Phosphatidylinositol metabolism and polyoma-mediated transformation
Antigens, Viral, Tumor
Cell Transformation, Viral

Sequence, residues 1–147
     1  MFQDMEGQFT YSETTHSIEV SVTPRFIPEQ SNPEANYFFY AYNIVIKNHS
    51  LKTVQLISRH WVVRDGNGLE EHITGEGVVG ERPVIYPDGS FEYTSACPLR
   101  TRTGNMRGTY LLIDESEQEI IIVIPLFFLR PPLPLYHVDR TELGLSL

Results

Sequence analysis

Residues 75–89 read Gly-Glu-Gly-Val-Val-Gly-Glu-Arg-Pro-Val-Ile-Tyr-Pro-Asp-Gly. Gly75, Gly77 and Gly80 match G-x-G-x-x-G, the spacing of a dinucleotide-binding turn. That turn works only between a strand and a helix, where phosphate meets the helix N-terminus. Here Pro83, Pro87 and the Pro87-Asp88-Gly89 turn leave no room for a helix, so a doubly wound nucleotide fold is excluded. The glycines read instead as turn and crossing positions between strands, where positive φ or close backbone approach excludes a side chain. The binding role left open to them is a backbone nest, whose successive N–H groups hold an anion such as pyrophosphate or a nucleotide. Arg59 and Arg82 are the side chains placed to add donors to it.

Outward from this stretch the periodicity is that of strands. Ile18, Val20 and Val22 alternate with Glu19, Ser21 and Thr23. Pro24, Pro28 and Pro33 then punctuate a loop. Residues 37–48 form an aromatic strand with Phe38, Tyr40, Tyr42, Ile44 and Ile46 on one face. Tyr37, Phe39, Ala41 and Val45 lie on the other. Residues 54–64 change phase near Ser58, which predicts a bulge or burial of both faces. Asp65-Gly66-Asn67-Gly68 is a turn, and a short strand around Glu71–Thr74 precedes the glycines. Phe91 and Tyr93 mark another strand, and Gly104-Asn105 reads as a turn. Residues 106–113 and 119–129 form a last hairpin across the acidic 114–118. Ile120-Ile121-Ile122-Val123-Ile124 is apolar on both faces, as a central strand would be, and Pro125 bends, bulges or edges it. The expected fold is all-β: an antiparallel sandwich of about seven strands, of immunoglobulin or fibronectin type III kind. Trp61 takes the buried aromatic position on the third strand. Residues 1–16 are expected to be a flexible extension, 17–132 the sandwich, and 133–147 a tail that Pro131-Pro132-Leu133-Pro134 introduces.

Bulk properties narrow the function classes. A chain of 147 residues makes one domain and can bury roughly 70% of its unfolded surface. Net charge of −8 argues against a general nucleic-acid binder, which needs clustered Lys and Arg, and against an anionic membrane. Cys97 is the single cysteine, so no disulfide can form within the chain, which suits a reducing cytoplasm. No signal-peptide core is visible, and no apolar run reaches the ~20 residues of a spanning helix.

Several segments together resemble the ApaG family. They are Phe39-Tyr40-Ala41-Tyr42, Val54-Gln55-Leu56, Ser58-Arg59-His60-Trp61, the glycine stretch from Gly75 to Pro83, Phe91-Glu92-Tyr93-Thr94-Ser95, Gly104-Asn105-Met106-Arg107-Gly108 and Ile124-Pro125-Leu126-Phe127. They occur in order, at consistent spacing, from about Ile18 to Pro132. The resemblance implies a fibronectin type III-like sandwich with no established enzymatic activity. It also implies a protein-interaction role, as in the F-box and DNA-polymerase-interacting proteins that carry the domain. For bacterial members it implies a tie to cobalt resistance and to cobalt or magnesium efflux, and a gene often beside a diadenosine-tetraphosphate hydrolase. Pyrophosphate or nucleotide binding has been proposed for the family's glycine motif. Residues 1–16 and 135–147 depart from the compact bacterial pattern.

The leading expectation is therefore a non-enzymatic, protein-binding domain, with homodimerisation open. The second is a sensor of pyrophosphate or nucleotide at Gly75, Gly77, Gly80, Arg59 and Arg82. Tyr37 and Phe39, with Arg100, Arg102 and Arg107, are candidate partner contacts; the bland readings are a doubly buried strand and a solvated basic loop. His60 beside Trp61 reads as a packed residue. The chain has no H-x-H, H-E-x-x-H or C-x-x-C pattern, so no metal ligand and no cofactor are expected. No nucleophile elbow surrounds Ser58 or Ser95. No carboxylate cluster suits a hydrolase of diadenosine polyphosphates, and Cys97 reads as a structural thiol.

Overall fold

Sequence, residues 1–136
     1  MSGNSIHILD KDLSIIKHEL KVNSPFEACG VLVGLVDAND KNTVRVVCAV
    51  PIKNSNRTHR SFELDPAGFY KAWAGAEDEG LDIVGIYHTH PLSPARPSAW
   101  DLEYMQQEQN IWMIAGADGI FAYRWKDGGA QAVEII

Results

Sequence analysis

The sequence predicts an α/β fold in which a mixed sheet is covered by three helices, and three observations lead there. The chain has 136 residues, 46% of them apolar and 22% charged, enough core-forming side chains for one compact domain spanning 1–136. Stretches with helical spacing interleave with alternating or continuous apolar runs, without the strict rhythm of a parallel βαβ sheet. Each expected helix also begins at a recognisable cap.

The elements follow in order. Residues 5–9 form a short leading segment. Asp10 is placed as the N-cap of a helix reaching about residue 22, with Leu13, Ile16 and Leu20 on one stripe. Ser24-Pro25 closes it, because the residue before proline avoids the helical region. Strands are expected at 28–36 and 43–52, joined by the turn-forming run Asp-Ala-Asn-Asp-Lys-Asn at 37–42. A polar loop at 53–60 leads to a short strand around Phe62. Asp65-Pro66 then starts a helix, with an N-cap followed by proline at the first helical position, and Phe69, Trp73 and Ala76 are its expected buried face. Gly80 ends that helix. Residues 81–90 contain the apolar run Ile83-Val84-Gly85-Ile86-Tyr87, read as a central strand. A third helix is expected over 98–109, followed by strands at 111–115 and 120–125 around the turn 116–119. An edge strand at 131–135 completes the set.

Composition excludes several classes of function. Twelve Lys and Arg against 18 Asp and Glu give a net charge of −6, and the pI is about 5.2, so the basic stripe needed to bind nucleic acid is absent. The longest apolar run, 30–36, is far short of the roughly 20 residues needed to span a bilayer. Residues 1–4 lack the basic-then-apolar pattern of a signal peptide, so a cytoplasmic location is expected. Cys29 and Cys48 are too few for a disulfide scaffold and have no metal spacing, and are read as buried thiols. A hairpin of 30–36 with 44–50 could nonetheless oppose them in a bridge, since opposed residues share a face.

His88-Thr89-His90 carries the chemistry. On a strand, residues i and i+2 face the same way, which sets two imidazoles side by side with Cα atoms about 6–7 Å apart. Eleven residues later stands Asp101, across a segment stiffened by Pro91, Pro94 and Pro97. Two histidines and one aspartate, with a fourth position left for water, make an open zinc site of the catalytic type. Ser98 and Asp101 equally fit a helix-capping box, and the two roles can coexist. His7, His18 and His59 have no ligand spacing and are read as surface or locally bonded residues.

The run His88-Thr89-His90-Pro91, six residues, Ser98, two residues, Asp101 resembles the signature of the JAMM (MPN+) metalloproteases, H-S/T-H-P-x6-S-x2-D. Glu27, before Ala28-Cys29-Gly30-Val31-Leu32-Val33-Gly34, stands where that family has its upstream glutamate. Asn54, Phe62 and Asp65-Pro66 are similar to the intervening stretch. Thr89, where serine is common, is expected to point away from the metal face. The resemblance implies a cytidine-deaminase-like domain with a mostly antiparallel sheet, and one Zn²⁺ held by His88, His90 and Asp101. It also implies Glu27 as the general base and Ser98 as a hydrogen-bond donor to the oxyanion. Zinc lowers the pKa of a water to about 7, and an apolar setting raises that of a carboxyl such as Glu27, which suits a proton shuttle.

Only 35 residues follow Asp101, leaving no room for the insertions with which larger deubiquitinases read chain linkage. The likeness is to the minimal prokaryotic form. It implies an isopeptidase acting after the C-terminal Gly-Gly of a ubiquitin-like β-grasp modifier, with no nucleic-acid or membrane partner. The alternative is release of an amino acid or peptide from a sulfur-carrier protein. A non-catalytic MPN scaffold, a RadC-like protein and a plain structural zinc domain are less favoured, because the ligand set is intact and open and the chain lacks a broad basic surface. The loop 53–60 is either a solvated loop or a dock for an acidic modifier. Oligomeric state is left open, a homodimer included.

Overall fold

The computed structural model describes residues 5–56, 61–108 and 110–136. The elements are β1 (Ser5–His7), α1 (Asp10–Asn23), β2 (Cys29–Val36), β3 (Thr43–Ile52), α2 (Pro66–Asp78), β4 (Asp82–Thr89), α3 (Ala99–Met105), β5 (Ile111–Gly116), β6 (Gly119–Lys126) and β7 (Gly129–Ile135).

The effect of polyoma middle-sized tumor antigen (MTAg) on phosphatidylinositol metabolism has been characterized in vivo and in vitro using polyoma-transformed and polyoma-infected cells. Cells infected with transformation-competent polyoma virus exhibit increased levels of inositol phospholipids and the second messenger inositol trisphosphate. MTAg or pp60c-src immunoprecipitates from MTAg-transformed cells contain an activity that phosphorylates phosphatidylinositol and phosphatidylinositol 4-phosphate. This activity is induced in parallel with MTAg when the MTAg synthesis is regulated by hormonal or heavy metal inducers. Immunoprecipitates from one class of polyoma mutants defective in transformation have a reduced level of associated phosphatidylinositol kinase activity in vitro yet are capable of tyrosine phosphorylation on exogenous protein substrates at rates comparable to wild-type virus. Thus, for these mutants, phosphatidylinositol kinase activity is more tightly correlated with transformation than is protein kinase activity. These results suggest that alterations in phosphatidylinositol metabolism by MTAg play a role in transformation by polyoma virus.